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Nude Butoh Performance by Philemon Mukarno in Aalsmeer

What is Butoh?

Butoh is a form of Japanese dance that emerged in the late 1950s as a reaction to the devastation of World War II and the influence of Western culture. Butoh is characterized by slow, controlled movements, distorted postures, expressive faces, and often involves nudity, body paint, and props. Butoh dancers explore themes such as death, decay, transformation, and spirituality, using their bodies as a medium of expression.

“Nude, Bare, Naked, Raw, and Real”

He performed in various festivals and venues around the world, using his body as a tool to investigate his subconscious and connect with his environment. He describes his art as “Nude, Bare, Naked, Raw, and Real”.

What was his performance in Aalsmeer?

On October 10th, 2018, Mukarno performed a nude butoh performance at the opening of an exhibition in Aalsmeer, a town near Amsterdam. The exhibition was titled “The Emotional Depth of Nudity in Performance Art”, and featured works by various artists who explored the power of nudity to challenge norms and inspire conversations about body positivity and human authenticity.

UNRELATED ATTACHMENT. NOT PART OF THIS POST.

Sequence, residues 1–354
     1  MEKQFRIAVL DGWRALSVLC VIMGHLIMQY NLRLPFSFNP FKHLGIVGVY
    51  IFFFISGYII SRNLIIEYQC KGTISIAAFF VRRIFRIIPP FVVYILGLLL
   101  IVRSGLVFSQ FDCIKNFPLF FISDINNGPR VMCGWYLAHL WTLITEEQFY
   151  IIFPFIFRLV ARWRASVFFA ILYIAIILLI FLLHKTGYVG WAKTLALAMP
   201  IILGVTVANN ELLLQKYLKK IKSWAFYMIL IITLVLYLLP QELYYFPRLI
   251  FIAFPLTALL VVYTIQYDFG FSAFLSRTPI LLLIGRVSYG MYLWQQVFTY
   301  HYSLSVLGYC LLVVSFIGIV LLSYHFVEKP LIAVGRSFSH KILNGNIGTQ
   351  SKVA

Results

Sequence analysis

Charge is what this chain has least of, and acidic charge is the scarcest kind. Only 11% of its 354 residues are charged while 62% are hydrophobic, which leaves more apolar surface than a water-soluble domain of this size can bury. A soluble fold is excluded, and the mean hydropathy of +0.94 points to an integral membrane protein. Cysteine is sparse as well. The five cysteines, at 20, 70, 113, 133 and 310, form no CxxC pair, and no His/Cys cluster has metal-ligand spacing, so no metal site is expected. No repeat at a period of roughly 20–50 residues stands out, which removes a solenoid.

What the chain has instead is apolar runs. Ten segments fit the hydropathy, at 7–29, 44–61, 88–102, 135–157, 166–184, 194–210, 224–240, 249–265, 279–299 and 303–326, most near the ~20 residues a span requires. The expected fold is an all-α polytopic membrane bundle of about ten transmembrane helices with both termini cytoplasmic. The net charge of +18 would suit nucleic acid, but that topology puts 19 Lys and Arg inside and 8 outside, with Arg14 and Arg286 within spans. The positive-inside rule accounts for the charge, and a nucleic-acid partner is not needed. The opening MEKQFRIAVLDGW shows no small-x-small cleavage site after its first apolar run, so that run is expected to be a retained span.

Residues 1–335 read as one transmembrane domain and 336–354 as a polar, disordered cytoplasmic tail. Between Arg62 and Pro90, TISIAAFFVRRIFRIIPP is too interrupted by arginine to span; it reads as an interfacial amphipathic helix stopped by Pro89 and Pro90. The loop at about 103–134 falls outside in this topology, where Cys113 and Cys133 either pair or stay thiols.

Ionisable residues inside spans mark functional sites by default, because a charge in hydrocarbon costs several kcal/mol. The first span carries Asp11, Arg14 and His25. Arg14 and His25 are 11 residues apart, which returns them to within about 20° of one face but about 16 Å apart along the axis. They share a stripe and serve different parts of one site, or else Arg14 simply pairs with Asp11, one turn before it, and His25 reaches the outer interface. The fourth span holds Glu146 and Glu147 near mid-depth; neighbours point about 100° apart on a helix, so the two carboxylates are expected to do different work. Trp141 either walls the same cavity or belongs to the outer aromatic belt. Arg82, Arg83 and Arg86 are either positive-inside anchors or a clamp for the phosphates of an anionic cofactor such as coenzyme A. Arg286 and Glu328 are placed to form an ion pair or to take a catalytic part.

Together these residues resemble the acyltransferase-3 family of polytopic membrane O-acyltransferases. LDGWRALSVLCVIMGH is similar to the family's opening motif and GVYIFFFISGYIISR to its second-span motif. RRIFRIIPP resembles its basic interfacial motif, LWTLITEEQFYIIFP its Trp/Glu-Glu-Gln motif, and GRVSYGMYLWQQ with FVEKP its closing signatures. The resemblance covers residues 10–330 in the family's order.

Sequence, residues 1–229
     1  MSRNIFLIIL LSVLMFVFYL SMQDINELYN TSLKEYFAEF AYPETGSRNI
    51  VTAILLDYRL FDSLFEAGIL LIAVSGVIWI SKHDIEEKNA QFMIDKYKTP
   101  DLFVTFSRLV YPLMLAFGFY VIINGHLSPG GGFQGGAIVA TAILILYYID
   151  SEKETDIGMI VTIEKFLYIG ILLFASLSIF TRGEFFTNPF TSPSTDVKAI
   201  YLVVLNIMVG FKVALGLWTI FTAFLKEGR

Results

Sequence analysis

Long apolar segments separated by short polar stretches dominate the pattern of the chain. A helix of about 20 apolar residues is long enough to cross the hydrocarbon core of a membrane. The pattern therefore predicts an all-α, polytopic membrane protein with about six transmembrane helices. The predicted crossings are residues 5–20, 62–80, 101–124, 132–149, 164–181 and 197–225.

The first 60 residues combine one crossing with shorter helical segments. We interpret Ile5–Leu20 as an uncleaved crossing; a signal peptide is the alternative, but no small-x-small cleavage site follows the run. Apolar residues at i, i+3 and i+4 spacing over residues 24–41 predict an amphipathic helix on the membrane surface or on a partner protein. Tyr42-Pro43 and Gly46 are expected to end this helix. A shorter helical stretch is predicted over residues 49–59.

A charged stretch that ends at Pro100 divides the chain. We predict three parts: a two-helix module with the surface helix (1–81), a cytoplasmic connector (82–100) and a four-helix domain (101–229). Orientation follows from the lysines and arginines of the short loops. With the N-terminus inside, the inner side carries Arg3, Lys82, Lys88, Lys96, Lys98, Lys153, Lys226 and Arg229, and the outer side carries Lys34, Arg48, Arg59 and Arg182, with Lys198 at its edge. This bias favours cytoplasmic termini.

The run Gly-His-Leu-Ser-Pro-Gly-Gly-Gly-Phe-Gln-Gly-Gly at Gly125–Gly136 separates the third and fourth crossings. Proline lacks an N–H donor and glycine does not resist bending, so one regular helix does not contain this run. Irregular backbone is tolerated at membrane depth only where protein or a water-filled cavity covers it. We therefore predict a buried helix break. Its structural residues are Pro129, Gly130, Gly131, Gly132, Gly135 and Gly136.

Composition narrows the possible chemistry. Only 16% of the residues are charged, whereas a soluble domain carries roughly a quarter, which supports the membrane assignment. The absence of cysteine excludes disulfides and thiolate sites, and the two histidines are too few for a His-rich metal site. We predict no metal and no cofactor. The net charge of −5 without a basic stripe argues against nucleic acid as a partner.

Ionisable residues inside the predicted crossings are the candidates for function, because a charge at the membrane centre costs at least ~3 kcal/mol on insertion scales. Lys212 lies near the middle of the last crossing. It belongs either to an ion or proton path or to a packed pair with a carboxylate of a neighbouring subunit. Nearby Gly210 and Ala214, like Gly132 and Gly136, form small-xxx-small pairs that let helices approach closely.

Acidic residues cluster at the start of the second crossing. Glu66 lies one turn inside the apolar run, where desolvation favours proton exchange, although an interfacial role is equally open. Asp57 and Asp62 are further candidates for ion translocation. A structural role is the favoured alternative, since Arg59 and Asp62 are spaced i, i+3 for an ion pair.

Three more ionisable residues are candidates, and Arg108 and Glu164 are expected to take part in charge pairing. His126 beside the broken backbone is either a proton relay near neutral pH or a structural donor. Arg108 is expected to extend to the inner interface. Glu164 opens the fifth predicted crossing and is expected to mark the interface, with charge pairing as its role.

Reflection on the illusory sense

It was a reflection on the illusory sense of self that humans cling to. It was in a dark room with a spotlight on his naked body, which was covered with white paint. He moved slowly and gracefully, sometimes curling up into a fetal position, sometimes stretching out his limbs, sometimes staring into the eyes of the audience. He conveyed a sense of vulnerability, pain, and liberation, as he shed his ego and embraced his true nature.

Why was his performance important?

It was important because it challenged the audience to confront their own egos and question their identities. He also showed that nudity can be a powerful way of expressing emotions and creating intimacy with the viewers. His performance was not meant to be erotic or provocative, but rather honest and sincere. He used his body as a canvas to paint a story of his inner journey.

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